Not everyone using online dating sites is looking for love. Scammers create fake online profiles using photos of other people — even stolen pictures of real military personnel. They profess their love quickly. And they tug at your heartstrings with made-up stories about how they need money — for emergencies, hospital bills, or travel. Why all of the tricks? They’re looking to steal your money.
Whether you travel a lot or just a little, you’ve probably gone online to book a hotel stay. Sometimes you might find a travel comparison site gets you the best deal. Other times, you might book directly at a hotel’s website — maybe to earn points for the company’s reward program, or because you have some special requests for your stay.
For those times you’re looking to book directly with a hotel, make sure that’s what you’re doing. The FTC has heard from people who searched online and thought they were booking on a hotel website, only to find they’d unknowingly been doing business with someone else.
Counsel, FTC's Division of Consumer and Business Education
School’s out and your kids have days overflowing with fun and free time. You might be at the amusement park concessions while they’re riding the SuperVomitron Adventure Ride. Or maybe they’re at the pool bellyflopping with friends. Whatever the kids are up to, many parents like being able to stay in constant contact by getting them a mobile phone. If so, it’s time to teach them to think about safety and responsibility when using it.
My grandma kept an eye out for cheaters. (No, not that kind.) Back in the day, if a salesman knocked on her front door, she waved them off. Before caller ID, she hung up on telemarketers. But a call from a phony debt collector? She might have fallen for that one. Especially if the debt collector said she was responsible for her grandchild’s debt.
In the largest FTC debt collection refund program to date, the FTC is returning nearly $4 million to people who were harassed by Asset & Capital Management Group, a debt collection business that used dozens of fake names.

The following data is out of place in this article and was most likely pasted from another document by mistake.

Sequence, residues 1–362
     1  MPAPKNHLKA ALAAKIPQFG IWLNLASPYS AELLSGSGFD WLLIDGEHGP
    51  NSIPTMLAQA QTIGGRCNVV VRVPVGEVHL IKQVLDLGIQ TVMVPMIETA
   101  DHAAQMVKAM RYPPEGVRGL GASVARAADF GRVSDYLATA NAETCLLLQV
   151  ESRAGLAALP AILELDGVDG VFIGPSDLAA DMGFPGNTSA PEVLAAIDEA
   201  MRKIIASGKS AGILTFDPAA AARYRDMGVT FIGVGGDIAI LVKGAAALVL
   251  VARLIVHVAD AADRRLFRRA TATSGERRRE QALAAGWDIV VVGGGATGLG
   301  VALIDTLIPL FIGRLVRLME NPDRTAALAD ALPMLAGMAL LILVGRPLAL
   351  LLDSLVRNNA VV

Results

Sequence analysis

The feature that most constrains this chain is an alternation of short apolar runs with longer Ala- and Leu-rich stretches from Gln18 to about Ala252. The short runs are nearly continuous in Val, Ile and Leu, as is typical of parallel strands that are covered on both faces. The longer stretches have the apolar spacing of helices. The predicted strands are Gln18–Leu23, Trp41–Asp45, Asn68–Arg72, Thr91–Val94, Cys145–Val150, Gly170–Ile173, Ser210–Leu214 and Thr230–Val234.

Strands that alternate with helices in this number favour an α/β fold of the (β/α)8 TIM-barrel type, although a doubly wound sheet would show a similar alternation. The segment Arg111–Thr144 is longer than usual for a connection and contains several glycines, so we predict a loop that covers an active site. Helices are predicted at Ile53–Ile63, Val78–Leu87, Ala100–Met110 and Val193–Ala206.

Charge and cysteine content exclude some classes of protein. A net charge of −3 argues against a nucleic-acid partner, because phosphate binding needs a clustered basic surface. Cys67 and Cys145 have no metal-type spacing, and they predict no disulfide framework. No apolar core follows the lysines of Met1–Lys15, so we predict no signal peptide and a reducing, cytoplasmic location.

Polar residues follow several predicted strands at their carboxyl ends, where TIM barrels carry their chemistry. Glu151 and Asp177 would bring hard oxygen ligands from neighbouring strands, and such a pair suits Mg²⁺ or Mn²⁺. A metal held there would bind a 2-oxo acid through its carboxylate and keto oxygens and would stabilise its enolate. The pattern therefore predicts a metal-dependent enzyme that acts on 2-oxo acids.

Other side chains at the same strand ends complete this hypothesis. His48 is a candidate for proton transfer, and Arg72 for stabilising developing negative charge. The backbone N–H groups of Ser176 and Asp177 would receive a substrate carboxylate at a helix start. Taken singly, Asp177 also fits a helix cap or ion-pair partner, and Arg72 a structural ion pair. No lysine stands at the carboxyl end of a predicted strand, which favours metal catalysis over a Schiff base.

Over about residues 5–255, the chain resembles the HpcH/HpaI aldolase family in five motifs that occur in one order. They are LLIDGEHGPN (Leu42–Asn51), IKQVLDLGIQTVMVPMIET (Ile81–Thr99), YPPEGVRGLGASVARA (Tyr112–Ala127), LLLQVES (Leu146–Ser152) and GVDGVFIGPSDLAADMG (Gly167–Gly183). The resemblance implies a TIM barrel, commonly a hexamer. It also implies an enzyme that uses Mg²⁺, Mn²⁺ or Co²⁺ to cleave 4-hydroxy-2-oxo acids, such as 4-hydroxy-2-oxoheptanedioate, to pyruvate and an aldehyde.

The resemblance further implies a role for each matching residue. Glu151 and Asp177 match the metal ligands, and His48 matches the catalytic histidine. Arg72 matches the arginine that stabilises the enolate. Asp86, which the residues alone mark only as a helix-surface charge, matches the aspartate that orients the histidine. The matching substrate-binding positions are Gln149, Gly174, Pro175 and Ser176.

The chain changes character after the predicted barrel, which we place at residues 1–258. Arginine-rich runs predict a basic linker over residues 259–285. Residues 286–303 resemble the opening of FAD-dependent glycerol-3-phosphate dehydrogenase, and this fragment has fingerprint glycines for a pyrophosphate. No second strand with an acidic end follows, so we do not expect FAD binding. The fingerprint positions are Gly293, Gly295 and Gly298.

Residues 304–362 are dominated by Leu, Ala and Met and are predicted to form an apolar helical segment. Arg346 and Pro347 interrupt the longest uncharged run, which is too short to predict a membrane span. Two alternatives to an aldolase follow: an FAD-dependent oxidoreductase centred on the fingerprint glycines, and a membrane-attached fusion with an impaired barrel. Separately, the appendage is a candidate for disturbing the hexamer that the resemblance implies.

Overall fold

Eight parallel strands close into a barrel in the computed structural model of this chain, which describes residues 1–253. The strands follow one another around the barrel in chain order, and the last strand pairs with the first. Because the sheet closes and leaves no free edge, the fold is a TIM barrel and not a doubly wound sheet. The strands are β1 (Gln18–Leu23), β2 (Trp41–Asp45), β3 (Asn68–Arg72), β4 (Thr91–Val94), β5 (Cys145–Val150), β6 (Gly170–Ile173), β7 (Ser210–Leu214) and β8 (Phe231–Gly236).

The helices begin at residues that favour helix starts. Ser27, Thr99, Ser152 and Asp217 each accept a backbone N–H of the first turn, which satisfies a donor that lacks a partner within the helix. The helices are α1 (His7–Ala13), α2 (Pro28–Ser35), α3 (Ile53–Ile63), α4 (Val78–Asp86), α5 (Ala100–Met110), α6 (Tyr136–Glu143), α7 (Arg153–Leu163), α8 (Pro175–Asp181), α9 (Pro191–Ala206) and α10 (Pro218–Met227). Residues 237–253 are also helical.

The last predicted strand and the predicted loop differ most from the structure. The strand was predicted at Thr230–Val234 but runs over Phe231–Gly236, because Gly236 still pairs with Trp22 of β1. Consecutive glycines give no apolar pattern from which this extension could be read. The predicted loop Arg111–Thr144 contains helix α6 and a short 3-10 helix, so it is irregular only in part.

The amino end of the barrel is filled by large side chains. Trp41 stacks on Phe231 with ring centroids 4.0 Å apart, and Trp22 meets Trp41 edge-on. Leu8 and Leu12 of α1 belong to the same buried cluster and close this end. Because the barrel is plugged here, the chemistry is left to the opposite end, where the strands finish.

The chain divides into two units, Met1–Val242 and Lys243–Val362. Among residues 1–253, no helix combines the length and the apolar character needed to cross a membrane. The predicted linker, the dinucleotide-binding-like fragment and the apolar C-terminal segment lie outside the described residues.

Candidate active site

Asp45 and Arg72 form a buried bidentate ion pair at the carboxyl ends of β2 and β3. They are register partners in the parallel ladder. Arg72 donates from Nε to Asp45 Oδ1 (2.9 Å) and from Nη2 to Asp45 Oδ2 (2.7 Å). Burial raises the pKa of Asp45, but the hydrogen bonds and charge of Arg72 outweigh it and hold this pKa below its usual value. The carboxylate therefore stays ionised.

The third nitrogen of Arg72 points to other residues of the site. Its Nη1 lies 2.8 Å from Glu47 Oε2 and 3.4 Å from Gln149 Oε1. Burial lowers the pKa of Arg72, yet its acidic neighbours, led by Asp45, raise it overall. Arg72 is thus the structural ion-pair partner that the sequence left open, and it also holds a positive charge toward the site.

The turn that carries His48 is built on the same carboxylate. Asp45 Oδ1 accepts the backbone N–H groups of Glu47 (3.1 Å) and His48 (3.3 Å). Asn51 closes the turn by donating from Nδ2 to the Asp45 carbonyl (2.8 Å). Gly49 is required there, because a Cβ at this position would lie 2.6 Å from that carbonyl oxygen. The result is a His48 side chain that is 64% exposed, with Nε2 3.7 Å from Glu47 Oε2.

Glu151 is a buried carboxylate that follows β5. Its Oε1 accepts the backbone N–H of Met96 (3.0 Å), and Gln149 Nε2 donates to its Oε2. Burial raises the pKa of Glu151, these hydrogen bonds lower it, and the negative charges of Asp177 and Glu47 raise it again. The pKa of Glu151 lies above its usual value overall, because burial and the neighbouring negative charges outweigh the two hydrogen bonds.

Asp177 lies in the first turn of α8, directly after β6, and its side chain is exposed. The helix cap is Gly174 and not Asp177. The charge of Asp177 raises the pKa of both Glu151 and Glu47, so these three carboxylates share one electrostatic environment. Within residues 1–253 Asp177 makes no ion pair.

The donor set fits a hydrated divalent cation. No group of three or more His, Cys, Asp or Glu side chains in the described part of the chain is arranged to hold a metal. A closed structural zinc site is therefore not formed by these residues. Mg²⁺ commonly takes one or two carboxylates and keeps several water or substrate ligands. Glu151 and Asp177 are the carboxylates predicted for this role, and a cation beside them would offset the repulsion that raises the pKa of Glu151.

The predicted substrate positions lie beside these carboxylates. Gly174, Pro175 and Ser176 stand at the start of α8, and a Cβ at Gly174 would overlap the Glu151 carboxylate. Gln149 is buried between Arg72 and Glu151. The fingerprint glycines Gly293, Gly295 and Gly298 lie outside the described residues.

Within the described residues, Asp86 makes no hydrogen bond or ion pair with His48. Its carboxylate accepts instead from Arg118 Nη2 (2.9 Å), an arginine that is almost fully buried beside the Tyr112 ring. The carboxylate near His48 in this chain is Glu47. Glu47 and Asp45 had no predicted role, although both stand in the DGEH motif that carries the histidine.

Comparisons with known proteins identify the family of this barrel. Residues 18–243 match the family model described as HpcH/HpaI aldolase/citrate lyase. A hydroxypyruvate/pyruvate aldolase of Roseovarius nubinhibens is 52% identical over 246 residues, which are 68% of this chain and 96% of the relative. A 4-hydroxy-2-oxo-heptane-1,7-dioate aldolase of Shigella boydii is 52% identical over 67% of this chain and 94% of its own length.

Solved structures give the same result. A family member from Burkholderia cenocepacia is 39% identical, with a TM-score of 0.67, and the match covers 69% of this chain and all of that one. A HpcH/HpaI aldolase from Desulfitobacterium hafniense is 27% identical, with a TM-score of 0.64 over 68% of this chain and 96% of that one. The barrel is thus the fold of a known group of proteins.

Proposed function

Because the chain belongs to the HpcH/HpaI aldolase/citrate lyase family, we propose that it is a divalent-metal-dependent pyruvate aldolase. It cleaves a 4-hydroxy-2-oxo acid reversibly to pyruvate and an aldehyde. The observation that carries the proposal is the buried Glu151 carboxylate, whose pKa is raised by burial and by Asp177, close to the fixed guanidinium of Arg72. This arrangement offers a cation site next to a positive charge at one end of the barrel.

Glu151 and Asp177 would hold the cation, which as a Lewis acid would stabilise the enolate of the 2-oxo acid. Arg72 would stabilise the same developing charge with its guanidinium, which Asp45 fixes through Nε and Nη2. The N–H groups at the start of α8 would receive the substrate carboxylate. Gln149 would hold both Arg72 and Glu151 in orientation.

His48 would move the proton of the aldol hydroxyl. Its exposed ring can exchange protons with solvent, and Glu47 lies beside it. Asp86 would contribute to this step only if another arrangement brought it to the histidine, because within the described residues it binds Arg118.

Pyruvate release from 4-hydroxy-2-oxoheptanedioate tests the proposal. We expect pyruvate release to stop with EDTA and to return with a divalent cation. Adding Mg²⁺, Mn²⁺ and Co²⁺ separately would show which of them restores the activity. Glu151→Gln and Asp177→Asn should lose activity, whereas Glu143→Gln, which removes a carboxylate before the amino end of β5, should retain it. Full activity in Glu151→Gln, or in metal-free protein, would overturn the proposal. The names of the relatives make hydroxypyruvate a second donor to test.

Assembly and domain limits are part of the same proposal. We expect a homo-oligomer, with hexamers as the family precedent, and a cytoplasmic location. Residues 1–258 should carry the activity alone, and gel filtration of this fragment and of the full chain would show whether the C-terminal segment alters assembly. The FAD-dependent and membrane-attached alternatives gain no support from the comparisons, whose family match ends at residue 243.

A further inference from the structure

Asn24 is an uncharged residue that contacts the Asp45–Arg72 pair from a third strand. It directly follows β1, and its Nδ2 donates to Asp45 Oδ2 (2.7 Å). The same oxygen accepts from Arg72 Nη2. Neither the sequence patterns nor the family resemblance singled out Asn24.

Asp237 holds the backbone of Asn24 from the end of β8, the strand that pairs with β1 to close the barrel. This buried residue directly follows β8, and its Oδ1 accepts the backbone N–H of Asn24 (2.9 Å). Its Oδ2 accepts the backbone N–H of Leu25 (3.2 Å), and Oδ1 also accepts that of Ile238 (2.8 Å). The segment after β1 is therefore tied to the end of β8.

It’s no secret that servicemembers and their families face particular challenges and stresses. Scam artists are skilled at knowing exactly how to exploit those challenges. They’ll lie or try any trickery to make a grab for a servicemember’s cash. That’s why the FTC has teamed up with the Department of Defense, the Consumer Financial Protection Bureau’s Office of Servicemember Affairs, and Military Saves on Military Consumer — a campaign to empower military and veteran communities with tips and tools to be informed consumers.
With aging, stress and being just plain busy, you might sometimes feel like you’re forgetting more things than you used to. So when an ad suggests a pill can reverse 10 to 15 years of memory loss, you might be tempted to buy it.
You may want to rethink that — even if the ad includes supposed backing by scientists, statistics and satisfied customers.
It’s like a scene out of a strange sci-fi movie. You get a call, look at the caller ID, and see that your own number is calling. Weird! No, this isn’t an alternate reality where your future self is calling the present you. It’s a scammer making an illegal robocall.
Have you ever thought about having your very own solar system — that is, solar panel system? There are several ways to get solar power at home: you can buy a rooftop system, lease a system, or sign a power purchase agreement (PPA) to buy power a system produces. If you’re thinking of using solar power at home, consider the costs and benefits of the arrangements.
Associate Director, Division of Consumer & Business Education, FTC
At the FTC, one of our goals is to stop scammers and end their schemes. Sometimes, that requires persistence. Take the case announced today by the FTC and the Florida Attorney General against Lifewatch, Inc., a company that sells medical alert systems, mostly to older people.